Emmett Tyrrell

Loughner is obviously a schizophrenic. I am no psychiatrist, but I would bet he is a paranoid schizophrenic. That is the most dangerous kind of schizophrenic. What he says might matter to his psychiatrist, but it has little significance to the outside world. Yet apparently, it mattered greatly to Nobel Prize-winning economist Paul Krugman. This week, he wrote in the Times: "Where's that toxic rhetoric coming from? Let's not make a false pretense of balance: it's coming, overwhelmingly, from the right." And he continued, "It's hard to imagine a Democratic member of Congress urging constituents" to violence. Now, Krugman has been a columnist for the Times for a long enough time, covering a sufficient variety of political events, for us to deduce that he is a political nitwit. Other Nobel laureates have been nitwits, for instance, Bertrand Russell. There are a lot of political nitwits in this world. Perhaps the Times could give Krugman a cooking column. He would be its Nobel Prize-winning cooking columnist.

Of course, examples of Democrats speaking loosely about violence toward Republicans have now been piling up in blithe contradiction to this nitwit's asseveration. The inimitable James Taranto of The Wall Street Journal cites Sen. John Kerry joshing with Bill Maher about how he "could have gone to 1600 Pennsylvania and killed the real bird (George W. Bush) with one stone." Taranto adds that in 1988, Kerry joked about the Secret Service's being under orders "to shoot Quayle" if George H.W. Bush were killed. And he quotes then-Rep. Paul Kanjorski as saying in October (as Jeffrey Lord first reported in The American Spectator), "That (Rick) Scott down there that's running for governor of Florida. Instead of running for governor of Florida, they ought to have him and shoot him. Put him against the wall and shoot him." Kanjorski alleged that Scott's transgression was stealing "billions of dollars from the United States government." He was defeated in 2010. Scott was elected. Yet Kanjorski resurrected marvelously. On the op-ed page of the Times, he appeared Tuesday counseling on the proper response to the Tucson shooting.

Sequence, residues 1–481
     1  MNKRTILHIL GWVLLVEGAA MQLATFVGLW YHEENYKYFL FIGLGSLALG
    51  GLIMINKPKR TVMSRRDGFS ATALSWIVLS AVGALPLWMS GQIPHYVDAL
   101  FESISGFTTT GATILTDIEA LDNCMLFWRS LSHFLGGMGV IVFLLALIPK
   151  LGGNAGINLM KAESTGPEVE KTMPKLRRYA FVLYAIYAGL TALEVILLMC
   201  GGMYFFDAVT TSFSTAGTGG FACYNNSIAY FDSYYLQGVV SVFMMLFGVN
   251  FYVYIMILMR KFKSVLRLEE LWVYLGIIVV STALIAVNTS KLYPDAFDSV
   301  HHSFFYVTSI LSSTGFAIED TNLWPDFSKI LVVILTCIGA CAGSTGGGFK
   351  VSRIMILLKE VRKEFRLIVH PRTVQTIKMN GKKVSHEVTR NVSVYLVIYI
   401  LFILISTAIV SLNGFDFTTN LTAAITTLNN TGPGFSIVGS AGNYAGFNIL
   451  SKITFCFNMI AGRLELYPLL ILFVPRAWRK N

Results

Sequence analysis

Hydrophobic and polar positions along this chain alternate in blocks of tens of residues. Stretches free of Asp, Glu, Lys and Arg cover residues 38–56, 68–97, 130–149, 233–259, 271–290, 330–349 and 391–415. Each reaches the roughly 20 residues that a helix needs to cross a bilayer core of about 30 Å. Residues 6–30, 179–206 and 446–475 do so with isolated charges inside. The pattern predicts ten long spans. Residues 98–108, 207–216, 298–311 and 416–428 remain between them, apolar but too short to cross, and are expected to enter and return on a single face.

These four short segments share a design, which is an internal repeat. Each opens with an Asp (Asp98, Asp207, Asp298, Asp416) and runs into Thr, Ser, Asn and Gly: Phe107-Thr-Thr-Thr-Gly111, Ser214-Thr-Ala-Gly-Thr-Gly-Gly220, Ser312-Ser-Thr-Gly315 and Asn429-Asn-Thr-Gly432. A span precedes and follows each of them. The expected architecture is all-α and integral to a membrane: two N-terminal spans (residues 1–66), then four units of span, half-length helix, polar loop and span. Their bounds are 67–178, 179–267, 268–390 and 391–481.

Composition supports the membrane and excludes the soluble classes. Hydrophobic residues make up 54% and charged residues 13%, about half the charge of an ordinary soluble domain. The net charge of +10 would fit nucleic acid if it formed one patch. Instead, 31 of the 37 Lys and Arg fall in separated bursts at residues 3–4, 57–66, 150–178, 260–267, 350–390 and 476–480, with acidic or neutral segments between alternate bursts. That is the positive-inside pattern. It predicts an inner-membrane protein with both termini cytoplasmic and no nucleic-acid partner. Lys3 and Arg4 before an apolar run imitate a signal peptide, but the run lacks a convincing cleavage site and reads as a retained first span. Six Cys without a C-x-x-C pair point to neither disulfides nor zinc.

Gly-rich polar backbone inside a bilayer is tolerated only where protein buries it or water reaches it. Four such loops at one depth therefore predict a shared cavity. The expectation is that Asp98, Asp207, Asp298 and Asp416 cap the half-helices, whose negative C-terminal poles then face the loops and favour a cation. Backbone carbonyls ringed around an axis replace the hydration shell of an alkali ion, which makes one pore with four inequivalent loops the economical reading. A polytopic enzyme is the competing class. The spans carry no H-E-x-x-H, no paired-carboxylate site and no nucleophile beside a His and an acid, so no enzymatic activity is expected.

As I say, liberalism is dead. This hitherto unthinkable effort to blame the unhinged act of a lunatic on the language of the right without respect to the often more inflammatory language of the left is a cry from the grave. Rigor mortis has set in, comrades, and even your president suffers. On the campaign trail in 2008, Barack Obama said, "If (Republicans) bring a knife to the fight, we bring a gun."

I am eager to read what Krugman does with broccoli.

Emmett Tyrrell

R. Emmett Tyrrell Jr. is founder and editor in chief of The American Spectator and co-author of Madame Hillary: The Dark Road to the White House.
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